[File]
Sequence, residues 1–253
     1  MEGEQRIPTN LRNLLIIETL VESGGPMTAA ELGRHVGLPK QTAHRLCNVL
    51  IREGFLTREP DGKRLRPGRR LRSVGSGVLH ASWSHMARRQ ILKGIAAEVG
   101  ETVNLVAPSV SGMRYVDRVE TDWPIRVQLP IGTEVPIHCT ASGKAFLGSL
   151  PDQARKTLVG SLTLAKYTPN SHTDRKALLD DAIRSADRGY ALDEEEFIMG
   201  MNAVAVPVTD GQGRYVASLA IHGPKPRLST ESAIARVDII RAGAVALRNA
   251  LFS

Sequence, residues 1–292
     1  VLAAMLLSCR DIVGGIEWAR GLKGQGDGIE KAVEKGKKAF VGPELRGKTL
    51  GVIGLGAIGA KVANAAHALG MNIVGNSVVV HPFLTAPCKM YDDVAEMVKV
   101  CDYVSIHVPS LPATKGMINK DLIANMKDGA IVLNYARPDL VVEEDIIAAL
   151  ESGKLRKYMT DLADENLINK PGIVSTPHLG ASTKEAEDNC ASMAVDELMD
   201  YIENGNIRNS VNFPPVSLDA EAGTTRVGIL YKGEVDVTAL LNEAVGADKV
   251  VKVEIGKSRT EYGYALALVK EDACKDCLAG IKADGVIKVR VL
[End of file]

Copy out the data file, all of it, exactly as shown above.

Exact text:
Sequence, residues 1–253
     1  MEGEQRIPTN LRNLLIIETL VESGGPMTAA ELGRHVGLPK QTAHRLCNVL
    51  IREGFLTREP DGKRLRPGRR LRSVGSGVLH ASWSHMARRQ ILKGIAAEVG
   101  ETVNLVAPSV SGMRYVDRVE TDWPIRVQLP IGTEVPIHCT ASGKAFLGSL
   151  PDQARKTLVG SLTLAKYTPN SHTDRKALLD DAIRSADRGY ALDEEEFIMG
   201  MNAVAVPVTD GQGRYVASLA IHGPKPRLST ESAIARVDII RAGAVALRNA
   251  LFS

Sequence, residues 1–292
     1  VLAAMLLSCR DIVGGIEWAR GLKGQGDGIE KAVEKGKKAF VGPELRGKTL
    51  GVIGLGAIGA KVANAAHALG MNIVGNSVVV HPFLTAPCKM YDDVAEMVKV
   101  CDYVSIHVPS LPATKGMINK DLIANMKDGA IVLNYARPDL VVEEDIIAAL
   151  ESGKLRKYMT DLADENLINK PGIVSTPHLG ASTKEAEDNC ASMAVDELMD
   201  YIENGNIRNS VNFPPVSLDA EAGTTRVGIL YKGEVDVTAL LNEAVGADKV
   251  VKVEIGKSRT EYGYALALVK EDACKDCLAG IKADGVIKVR VL